Thirty-ninth Report of Session 2012-13 - European Scrutiny Committee Contents


10   Strategy for the outermost regions of the EU

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COM(12) 287

Commission Communication: The outermost regions of the European Union — towards a partnership for smart, sustainable and inclusive growth

Legal base
DepartmentBusiness, Innovation and Skills
Basis of considerationMinister's letter of 26 March 2013
Previous Committee ReportHC 86-xi (2012-13), chapter 6 (5 September 2012)
Discussion in CouncilNo date set
Committee's assessmentPolitically important
Committee's decisionCleared

Background

10.1  Since 1999, the EU has recognised the specific circumstances of its outermost regions[35] resulting from their remoteness, small size, and economic dependence on a small number of products, and, since 2004, action to address these problems has been based on improving accessibility and competitiveness, and promoting integration with neighbouring regions. Since 2008, there has also been an additional focus on making the most of such assets as their potential for tourism and as a source of renewable energy, the opportunities they provide for the development of space, astrophysics and satellite activities, their importance to global biodiversity, and their capacity to spread EU influence in neighbouring regions.

10.2  This Commission Communication sets out how it can work with the outermost regions to create growth there, whilst taking into account each region's special characteristics and allowing it to design its own approach. In particular, it says that there needs to be greater emphasis on creating jobs, as well as a comprehensive approach to climate action, and it suggests that the renewed strategy should involve improved accessibility to the single market; increased competitiveness through modernisation and diversification; strengthening regional integration; reinforcing the social dimension; and main-streaming climate action into all relevant policies. This in turn would involve action in a number of areas, including Cohesion policy; continuing support through the European Social Fund and the European Regional Development Fund (ERDF); the development of traditional sectors, such as agriculture, fisheries and tourism, alongside increased support for emerging sectors; developing entrepreneurship; integration into the single market through the development of trans-European transport, telecommunications and energy networks, the digital single market, the adaptation of EU state aid and public procurement rules, specific taxation and customs regimes, better information, improved education and skills, consumer policy and health; and protecting the environment. The strategy's external dimension would also play a key part in areas such as trade and fisheries, new and more efficient air and maritime routes, local energy markets, improved electronic communication networks, and increased labour mobility.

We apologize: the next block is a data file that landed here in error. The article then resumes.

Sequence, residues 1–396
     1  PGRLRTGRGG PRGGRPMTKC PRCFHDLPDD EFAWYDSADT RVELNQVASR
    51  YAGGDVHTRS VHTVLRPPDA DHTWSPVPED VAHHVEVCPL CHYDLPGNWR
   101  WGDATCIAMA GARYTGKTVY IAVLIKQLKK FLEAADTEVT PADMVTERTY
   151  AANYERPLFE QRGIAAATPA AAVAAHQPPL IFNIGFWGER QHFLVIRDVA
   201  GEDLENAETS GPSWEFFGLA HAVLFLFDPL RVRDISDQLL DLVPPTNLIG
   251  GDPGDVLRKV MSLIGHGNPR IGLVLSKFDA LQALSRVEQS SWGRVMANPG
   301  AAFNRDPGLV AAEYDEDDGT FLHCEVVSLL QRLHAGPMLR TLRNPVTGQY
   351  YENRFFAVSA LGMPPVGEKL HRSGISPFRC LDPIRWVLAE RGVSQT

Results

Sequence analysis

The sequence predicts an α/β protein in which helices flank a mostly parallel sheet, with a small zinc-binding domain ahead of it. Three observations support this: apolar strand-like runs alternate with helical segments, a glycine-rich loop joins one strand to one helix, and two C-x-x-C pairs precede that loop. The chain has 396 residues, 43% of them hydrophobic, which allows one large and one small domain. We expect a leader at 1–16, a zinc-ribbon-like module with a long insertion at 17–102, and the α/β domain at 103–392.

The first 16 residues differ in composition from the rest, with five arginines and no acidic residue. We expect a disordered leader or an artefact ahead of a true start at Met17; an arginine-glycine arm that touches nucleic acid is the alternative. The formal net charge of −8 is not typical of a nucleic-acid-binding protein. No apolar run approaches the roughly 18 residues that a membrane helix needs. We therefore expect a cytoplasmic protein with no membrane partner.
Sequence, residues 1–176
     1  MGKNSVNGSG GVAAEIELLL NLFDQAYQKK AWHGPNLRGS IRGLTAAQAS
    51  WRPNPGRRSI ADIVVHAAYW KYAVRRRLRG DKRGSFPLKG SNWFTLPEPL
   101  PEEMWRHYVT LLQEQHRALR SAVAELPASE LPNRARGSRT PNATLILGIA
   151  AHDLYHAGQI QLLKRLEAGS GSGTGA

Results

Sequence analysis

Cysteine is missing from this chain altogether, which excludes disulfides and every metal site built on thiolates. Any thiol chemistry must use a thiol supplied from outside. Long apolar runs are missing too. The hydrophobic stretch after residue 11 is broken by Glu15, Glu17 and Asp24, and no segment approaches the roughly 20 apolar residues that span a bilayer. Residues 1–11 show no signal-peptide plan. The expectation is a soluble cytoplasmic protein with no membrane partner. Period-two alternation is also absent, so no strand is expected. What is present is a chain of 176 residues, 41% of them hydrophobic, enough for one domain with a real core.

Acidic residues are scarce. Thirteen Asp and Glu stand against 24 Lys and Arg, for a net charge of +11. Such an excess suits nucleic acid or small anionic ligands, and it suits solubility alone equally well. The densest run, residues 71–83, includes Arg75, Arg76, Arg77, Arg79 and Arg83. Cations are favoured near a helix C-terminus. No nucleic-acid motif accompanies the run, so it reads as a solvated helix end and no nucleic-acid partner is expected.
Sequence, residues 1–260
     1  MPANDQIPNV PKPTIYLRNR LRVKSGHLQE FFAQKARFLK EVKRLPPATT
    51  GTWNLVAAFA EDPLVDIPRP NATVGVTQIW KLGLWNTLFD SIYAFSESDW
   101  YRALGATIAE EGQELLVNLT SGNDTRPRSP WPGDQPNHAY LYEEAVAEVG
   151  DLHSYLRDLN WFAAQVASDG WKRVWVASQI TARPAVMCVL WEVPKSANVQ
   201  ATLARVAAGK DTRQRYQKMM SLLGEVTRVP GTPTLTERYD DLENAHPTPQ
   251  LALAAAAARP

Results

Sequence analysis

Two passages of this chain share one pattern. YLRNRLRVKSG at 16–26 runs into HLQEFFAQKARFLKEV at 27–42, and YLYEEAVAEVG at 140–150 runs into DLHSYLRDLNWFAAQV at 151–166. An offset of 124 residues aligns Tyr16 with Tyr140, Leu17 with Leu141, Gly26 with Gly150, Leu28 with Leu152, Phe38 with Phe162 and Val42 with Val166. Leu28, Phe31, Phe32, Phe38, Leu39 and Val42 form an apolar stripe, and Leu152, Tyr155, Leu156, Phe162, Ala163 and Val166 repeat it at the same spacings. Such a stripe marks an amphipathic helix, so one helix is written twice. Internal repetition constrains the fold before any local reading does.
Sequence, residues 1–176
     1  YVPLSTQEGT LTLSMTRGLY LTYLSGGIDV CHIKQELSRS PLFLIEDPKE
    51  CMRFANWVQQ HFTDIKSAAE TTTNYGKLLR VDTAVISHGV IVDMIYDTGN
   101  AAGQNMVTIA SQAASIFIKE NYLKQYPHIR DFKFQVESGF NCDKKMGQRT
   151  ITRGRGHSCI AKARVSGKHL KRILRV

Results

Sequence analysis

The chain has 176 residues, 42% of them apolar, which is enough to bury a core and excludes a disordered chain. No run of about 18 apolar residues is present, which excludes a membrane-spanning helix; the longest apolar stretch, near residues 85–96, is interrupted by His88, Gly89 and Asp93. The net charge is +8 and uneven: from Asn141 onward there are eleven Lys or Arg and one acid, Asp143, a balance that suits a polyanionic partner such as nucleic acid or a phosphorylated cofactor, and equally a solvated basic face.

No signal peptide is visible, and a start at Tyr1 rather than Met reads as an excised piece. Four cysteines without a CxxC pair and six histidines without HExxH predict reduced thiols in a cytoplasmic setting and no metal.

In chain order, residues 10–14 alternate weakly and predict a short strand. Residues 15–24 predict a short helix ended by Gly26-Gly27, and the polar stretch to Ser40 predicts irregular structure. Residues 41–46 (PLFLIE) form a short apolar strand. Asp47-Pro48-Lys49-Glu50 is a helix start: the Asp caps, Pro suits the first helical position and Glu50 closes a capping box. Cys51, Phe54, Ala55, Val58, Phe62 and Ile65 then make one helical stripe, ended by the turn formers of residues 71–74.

10.3  As we noted in our Report of 5 September 2012, the Government supported this renewed strategy in principle, but had noted that the Multi-Annual Financial Framework (MFF) for 2014-20 had not yet been agreed, whereas the Commission's proposals had included a co-financing rate of 85% for the outermost regions under the Cohesion Fund regardless of economic situation, and an increased allocation under the ERDF, thereby placing additional pressure on the EU budget at a time when there was a need for restraint. Consequently, it would want to ensure that the proposed arrangements were adopted within a framework of budgetary restraint called for in the current economic climate. In view of this, we said that, although the document did not in itself raise any issues which required further consideration, we thought it right to hold the document under scrutiny, pending further information on the actual level of EU expenditure to be devoted to this area.

Minister's letter of 26 March

10.4  We have now received from the Minister of State for Business and Enterprise (Michael Fallon) a letter of 26 March, drawing attention to the agreement reached by the February 2013 European Council on the Multi-Annual Financial Framework for 2014-20, and to its implications for the strategy set out in this Communication. He says that the outermost regions will be subject to the same allocation criteria for the Structural and Cohesion funds as other EU regions, and that there will be a slight reduction from €40 to €30 in the special provisions under which they have received additional funding per inhabitant. He adds that the overall budget for European Territorial cooperation for 2014-20 will be broadly similar to funding levels in 2007-13, and that the Government is content with these arrangements.

Conclusion

10.5  We are grateful to the Minister for this update, and we are now content to clear this document.


35   Currently defined in the TFEU as the four French overseas departments and regions (Guadeloupe, French Guiana, Martinique and Reunion) and one overseas territory (St Martin); the two autonomous Portuguese regions (the Azores and Madeira); and one Spanish autonomous Community (the Canary Islands). Back


 
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